Feng shui experts call giant art installation in Hong Kong a bad omen


'GIANTS: Rising Up' (2023) by French artist JR depicts a high-jumper seemingly floating in the air, not far from Hong Kong's Victoria Harbour. Photo: AFP

The highly anticipated Art Basel Hong Kong fair is back in force for its 10th edition. To mark the occasion, the French artist JR has been invited to install one of his monumental works on the roof of the Harbour City shopping mall. But this installation has been met with some criticism.

The reason for this criticism is surprising, to say the least.

In fact, feng shui consultants and fortune-tellers claim that this gigantic work, entitled GIANTS: Rising Up, is a bad omen for the city-state, according to the specialist magazine Artnet News.

This black and white photographic collage depicts a high-jumper seemingly floating in mid air, not far from Hong Kong's Victoria Harbour. An athletic posture that is "an invitation to take off, to achieve more," as JR explains in a statement.

This artwork is inspired by a series of installations, named "GIANTS," that the French street artist installed all around Rio de Janeiro, Brazil, during the 2016 Summer Olympics.

In homage to Hong Kong Arts Month, JR fixed GIANTS: Rising Up on bamboo scaffolding, rather than using his usual metal structure. Yet this seemingly Asian touch isn't doing much to convince the project's critics, who have taken to social networks to share their dismay at an art installation they think shows a jumper impaled on bamboo canes.

"Doesn’t it look like someone who fell off from a building landing on a bamboo scaffolding, and the body is pierced through by the bamboos?" said the feng shui master, Po Sin, in a video posted on his YouTube channel and spotted by Artnet News.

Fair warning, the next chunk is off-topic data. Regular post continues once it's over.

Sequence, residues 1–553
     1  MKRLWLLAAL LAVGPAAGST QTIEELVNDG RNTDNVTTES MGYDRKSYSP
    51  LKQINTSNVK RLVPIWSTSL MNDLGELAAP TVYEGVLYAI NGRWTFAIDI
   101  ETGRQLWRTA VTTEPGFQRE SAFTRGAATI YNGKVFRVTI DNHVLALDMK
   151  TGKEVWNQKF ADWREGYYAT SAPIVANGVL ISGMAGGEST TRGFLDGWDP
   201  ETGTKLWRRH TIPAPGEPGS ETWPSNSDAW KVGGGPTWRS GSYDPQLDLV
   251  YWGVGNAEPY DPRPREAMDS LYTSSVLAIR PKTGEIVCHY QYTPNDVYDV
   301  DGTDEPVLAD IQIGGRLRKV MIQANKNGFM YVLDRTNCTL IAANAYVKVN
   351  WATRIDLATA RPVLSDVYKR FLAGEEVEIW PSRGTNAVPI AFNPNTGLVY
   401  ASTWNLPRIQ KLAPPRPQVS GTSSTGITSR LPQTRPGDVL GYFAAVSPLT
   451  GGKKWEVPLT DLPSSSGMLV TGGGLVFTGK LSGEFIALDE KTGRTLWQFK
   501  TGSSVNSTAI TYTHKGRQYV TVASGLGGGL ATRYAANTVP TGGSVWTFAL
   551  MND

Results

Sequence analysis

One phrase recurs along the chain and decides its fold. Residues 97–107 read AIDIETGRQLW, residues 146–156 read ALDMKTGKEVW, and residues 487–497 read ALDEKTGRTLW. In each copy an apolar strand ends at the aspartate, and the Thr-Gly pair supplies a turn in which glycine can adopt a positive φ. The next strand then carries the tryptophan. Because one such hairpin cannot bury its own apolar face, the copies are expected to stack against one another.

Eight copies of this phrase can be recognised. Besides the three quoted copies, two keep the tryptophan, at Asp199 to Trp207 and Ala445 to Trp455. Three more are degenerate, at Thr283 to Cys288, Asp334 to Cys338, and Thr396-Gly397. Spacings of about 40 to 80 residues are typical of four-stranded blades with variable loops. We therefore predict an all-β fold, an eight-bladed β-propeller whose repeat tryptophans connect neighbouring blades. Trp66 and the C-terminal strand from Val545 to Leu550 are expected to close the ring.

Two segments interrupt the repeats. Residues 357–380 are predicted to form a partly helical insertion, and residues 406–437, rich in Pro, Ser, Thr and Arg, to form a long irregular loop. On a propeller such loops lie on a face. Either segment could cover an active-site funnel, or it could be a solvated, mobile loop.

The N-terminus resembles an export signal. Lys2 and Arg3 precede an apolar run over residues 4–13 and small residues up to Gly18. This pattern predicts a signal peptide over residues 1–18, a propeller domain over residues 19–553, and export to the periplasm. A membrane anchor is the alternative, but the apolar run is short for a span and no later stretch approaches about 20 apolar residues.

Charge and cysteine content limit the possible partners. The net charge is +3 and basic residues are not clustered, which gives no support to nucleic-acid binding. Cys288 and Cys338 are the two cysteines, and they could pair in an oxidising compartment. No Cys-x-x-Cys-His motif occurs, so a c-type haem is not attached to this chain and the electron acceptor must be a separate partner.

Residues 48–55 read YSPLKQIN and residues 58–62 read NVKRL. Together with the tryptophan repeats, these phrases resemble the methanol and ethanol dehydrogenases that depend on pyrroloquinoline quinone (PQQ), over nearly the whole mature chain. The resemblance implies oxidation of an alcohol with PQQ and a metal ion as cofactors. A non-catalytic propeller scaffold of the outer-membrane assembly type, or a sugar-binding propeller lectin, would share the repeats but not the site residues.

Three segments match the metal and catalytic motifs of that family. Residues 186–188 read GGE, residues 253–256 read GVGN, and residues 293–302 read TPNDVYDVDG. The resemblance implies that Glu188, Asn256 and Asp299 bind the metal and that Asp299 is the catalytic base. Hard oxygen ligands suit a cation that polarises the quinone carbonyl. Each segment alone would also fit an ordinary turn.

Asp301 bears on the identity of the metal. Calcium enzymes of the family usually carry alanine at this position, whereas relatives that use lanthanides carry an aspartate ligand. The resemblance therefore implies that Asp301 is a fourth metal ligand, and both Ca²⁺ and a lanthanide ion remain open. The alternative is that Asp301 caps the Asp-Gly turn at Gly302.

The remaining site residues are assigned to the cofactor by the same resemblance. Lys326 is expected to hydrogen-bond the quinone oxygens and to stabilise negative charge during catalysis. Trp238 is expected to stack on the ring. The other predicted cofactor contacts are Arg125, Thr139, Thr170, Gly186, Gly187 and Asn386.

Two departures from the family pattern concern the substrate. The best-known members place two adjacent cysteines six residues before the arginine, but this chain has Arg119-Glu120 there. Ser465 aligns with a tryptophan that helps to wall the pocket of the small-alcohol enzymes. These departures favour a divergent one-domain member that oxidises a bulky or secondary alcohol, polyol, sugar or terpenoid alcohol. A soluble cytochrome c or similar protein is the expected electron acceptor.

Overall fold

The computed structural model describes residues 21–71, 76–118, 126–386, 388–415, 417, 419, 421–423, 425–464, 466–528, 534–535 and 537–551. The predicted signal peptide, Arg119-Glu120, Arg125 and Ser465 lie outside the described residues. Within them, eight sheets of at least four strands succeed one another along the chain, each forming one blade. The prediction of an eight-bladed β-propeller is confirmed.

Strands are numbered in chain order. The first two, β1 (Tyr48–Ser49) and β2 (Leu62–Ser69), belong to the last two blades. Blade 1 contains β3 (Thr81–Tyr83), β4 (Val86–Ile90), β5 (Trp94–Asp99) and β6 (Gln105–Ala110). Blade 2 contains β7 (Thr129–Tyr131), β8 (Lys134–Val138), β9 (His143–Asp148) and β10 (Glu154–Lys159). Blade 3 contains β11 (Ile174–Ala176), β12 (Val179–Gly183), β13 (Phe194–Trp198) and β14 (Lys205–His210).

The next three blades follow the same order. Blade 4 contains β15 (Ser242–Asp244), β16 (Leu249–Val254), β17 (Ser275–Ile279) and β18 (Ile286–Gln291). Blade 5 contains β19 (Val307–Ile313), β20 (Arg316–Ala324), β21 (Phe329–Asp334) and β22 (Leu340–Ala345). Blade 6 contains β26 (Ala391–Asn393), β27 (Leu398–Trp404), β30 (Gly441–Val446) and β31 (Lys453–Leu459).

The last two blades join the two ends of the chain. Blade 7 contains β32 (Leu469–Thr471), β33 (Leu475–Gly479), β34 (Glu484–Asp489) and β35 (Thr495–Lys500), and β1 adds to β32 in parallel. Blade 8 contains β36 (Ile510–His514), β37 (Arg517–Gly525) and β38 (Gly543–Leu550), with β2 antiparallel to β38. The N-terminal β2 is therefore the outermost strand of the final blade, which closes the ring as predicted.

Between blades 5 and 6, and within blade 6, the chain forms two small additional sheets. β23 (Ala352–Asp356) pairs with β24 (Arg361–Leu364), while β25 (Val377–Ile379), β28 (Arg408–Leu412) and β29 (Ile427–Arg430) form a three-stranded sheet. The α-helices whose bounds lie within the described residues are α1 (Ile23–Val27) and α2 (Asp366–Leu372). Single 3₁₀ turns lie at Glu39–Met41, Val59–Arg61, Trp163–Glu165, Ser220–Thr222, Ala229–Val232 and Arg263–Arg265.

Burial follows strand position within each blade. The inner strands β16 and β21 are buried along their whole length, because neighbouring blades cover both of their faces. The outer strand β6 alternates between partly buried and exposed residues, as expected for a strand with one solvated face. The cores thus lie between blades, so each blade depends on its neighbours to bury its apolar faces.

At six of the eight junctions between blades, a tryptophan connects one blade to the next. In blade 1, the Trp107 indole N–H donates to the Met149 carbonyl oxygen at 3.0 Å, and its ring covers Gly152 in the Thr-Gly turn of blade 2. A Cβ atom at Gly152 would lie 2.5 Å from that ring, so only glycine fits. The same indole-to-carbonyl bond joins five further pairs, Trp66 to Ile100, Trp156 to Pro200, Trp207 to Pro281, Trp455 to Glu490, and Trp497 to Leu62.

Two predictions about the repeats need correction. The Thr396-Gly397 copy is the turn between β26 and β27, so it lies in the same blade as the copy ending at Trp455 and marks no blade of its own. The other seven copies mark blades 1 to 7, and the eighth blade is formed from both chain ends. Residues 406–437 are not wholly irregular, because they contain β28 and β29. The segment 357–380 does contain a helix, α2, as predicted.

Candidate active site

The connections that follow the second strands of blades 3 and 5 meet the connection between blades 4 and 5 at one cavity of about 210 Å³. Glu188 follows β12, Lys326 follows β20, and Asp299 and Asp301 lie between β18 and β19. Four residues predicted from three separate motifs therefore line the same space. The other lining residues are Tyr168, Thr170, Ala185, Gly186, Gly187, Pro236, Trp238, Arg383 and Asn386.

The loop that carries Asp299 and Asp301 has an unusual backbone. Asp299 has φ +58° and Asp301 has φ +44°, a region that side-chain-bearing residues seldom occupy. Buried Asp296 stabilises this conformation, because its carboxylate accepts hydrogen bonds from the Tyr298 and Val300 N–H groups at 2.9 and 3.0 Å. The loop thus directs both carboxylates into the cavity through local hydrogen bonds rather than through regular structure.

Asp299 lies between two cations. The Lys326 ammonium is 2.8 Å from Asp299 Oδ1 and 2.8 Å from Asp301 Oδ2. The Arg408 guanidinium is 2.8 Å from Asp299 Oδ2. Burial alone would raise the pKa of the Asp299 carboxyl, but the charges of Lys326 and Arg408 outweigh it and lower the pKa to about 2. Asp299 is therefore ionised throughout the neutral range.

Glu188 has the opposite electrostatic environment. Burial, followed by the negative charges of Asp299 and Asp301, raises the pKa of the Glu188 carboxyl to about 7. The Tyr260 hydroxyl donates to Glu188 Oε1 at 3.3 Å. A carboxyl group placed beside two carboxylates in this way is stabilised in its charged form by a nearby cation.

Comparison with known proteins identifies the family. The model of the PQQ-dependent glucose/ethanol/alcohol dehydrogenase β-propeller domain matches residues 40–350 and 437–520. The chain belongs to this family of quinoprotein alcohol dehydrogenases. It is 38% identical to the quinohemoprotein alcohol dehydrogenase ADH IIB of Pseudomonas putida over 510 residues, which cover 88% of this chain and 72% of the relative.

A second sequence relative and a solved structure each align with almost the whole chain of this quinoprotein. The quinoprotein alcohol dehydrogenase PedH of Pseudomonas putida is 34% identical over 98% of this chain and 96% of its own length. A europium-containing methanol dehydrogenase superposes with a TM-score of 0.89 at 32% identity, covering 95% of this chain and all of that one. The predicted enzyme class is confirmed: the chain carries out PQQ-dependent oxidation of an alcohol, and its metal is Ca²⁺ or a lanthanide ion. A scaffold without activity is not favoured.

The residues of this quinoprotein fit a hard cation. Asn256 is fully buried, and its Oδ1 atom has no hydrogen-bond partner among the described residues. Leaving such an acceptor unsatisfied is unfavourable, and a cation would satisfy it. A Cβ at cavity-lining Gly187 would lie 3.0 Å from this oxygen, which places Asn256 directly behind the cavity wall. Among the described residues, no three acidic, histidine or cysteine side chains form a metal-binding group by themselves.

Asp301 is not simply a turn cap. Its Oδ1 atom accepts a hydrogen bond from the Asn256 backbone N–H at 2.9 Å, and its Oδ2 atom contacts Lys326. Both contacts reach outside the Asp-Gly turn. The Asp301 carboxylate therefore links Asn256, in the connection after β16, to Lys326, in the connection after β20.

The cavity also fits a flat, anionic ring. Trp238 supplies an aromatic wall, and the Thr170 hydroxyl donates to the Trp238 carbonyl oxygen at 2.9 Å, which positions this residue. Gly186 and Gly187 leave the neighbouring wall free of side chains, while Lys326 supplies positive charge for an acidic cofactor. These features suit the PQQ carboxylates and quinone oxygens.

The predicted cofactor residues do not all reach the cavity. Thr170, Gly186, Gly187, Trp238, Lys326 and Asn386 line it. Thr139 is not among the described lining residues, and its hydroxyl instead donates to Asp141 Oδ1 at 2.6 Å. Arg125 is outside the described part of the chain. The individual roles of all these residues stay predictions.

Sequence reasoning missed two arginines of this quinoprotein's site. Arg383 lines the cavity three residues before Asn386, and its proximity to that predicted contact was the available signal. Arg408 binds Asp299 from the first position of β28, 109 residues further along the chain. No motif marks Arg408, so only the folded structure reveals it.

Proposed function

A feng shui kind of place

Many practitioners of this age-old Taoist art share this opinion, while others argue that it is simply superstition. If the extent of this controversy may surprise Westerners, it testifies to the importance of feng shui in the spatial organisation of Hong Kong.

Indeed, the location of each building in the island-city is determined in relation to the wind or the rain, in order to influence the prosperity, luck or health of its occupants.

It is therefore not surprising that JR's latest creation has been subject to the same conditions. The American street artist KAWS also experienced this in March 2019, when he installed one of his colossally large inflatable sculptures in Victoria Harbour.

"Call me superstitious, but placing a ‘floating dead body’ in the middle of Victoria Harbour, the sight is unbearable," a feng shui practitioner wrote at the time on social media, reports Artnet News.

Whatever the case, this year's edition of Art Basel Hong Kong intends to show the world that the peninsula remains at the centre of the lucrative Asian art market. Some 177 galleries from 32 countries and territories are participating in the Asian edition of the major contemporary art fair, which will be running through March 25.

Art Basel Hong Kong is still not back to its pre-pandemic size, but the number of exhibitors is up significantly from the 2021 and 2022 editions. Alongside the fair, Hong Kong is staging various events and art installations to take advantage of the presence of foreign visitors attracted by the Asian edition of Art Basel. - AFP

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Art Basel , Hong Kong , feng shui , French , artist , JR


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